ooppss! realize that may have come across unintentionally as condiscending(I know you know what a heart line is) when I m meaning to be more descriptive so i
              Message 6 of 13 , Jan 3, 2008
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                ooppss!
                realize that may have come across unintentionally as condiscending(I know you know what a heart line is) when I'm meaning to be more descriptive so i understand the question
                so what are we lookin at here?
                cat du fay
                Catherine Kane <ckane01@...> wrote:
                do you mean a "broom'" that is extending vertically from the base of palm up to end under ring finger(fameline) or horizontally(heart line) or some other configuration
                catherine du fay

                Virginia Taylor <tchipakkan@...> wrote:
                I recently tripped over a palmar mark which I'd never before
                encountered in any
                book (although I have one) and would like to find out how common it
                is. (I'll explain
                after I've gotten responses.) Look on your palms (either hand) right
                under the ring finger.
                What I'm looking for is a line that ends in a tassle or small group
                of 4 or 5 lines like
                a broom. If you know other groups who might be interested in helping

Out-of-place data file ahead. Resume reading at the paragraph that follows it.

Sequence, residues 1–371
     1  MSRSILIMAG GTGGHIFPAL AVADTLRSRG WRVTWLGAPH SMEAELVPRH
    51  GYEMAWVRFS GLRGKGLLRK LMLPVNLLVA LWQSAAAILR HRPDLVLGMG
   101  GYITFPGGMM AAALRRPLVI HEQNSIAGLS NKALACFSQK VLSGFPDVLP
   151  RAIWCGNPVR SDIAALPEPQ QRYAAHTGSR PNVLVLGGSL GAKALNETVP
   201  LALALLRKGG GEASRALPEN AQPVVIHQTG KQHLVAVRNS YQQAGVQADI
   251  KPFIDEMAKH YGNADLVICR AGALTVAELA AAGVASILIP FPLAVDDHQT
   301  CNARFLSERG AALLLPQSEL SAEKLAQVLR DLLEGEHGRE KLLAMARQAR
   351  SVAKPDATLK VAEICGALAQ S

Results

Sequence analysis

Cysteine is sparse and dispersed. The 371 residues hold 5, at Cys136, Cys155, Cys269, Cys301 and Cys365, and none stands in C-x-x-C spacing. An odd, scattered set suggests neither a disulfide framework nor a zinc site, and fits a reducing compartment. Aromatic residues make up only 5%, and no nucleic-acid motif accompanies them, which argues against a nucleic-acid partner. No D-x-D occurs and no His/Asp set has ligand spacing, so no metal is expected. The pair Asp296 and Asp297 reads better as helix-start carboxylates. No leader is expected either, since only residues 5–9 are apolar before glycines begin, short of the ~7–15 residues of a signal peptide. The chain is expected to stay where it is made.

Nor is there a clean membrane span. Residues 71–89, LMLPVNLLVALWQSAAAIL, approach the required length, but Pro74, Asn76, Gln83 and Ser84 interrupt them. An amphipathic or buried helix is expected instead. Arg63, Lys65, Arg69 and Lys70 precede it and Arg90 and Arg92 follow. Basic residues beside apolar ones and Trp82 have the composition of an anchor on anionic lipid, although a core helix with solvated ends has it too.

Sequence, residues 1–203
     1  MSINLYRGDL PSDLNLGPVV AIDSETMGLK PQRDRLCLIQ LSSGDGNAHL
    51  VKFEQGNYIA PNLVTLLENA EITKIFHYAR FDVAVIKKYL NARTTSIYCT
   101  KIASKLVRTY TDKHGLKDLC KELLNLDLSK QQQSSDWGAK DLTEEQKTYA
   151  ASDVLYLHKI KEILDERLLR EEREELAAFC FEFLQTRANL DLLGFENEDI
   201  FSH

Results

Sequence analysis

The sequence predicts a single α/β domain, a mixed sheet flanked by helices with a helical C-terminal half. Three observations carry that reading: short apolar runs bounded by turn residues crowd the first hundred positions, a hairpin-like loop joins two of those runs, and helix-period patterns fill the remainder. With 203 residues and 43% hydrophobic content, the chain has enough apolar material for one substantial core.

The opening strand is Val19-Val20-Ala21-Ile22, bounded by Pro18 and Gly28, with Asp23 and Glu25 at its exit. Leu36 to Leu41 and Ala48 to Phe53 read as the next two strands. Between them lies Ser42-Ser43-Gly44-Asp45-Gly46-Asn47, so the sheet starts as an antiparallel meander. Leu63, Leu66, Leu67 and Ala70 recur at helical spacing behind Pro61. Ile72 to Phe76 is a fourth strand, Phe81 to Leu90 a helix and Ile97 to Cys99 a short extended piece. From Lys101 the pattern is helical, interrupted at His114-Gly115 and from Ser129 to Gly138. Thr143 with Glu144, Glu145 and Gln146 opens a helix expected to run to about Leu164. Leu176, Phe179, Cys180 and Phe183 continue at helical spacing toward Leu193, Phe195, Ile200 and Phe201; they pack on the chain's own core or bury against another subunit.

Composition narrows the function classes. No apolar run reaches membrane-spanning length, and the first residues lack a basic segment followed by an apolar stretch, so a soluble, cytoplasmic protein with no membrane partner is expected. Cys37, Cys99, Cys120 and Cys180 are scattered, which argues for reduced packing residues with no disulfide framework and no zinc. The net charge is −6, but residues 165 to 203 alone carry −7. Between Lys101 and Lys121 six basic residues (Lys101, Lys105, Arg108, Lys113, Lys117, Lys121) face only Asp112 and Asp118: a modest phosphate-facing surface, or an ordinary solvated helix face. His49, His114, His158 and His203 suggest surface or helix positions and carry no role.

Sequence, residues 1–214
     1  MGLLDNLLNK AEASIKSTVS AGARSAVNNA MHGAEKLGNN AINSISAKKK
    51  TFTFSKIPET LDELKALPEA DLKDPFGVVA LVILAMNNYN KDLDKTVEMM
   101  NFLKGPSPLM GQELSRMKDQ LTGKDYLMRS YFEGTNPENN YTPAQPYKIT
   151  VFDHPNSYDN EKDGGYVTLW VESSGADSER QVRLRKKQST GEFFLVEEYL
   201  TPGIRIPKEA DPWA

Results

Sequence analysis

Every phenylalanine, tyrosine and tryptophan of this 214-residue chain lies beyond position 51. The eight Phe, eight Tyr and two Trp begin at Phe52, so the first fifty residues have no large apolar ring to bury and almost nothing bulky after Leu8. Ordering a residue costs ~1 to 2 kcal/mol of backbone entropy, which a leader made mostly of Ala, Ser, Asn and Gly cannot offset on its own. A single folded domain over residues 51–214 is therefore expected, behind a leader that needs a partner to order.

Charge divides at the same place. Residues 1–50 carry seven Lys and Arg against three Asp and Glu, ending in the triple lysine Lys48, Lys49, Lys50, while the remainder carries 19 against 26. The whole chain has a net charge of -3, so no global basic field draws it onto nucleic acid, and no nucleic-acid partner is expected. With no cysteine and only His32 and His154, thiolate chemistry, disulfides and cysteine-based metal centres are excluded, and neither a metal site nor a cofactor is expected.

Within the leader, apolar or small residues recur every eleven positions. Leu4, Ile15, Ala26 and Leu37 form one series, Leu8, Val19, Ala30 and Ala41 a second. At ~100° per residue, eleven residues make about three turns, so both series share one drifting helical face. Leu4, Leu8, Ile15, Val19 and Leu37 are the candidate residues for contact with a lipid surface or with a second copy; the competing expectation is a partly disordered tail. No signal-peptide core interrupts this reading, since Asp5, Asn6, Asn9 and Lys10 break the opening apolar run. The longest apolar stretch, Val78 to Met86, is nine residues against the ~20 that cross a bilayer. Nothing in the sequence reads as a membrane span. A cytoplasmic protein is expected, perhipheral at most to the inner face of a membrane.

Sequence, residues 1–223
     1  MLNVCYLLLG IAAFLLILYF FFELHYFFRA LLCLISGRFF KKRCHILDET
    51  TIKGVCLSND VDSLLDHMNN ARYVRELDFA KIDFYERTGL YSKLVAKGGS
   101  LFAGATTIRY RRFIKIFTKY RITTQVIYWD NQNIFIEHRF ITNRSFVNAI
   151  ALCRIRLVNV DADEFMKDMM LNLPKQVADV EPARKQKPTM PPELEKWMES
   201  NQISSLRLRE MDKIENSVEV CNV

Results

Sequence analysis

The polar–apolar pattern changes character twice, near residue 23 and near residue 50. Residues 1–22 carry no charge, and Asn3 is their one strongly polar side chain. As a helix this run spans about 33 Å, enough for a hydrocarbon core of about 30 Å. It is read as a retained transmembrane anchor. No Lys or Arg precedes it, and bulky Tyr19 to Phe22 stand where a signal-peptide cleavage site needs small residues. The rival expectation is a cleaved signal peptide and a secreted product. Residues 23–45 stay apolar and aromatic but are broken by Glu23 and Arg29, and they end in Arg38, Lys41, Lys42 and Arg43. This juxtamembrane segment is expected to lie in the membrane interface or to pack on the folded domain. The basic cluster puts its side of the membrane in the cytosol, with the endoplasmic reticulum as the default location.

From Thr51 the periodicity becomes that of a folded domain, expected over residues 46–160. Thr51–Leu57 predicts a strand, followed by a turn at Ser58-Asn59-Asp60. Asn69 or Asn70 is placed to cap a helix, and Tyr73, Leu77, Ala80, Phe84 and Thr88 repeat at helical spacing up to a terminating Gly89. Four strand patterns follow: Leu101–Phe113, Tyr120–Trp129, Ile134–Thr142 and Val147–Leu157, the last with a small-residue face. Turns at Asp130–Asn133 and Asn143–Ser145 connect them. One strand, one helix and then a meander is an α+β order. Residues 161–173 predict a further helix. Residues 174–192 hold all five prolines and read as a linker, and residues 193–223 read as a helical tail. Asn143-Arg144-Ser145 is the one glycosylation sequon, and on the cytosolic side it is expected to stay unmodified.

me with this, feel free to
                pass the question on, and have them send me their "yes, I have a
                broom under my ring
                finger" or "no, I don't" to Tchipakkan@...
                Arastorm

                Mules make a great fuss about their ancestors having been horses.

                [Non-text portions of this message have been removed]

                [Non-text portions of this message have been removed]






                [Non-text portions of this message have been removed]
              • Aisin-gioro Biya
                i can t tell whether I do or not, honestly, knowing nothing of palmistry. maybe the simple answer is that I probably don t have one since I cannot find
                Message 7 of 13 , Jan 3, 2008
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                  i can't tell whether I do or not, honestly, knowing nothing of
                  palmistry. maybe the simple answer is that I probably don't have one
                  since I cannot find anything that obviously looks like the way I
                  imagine from the description.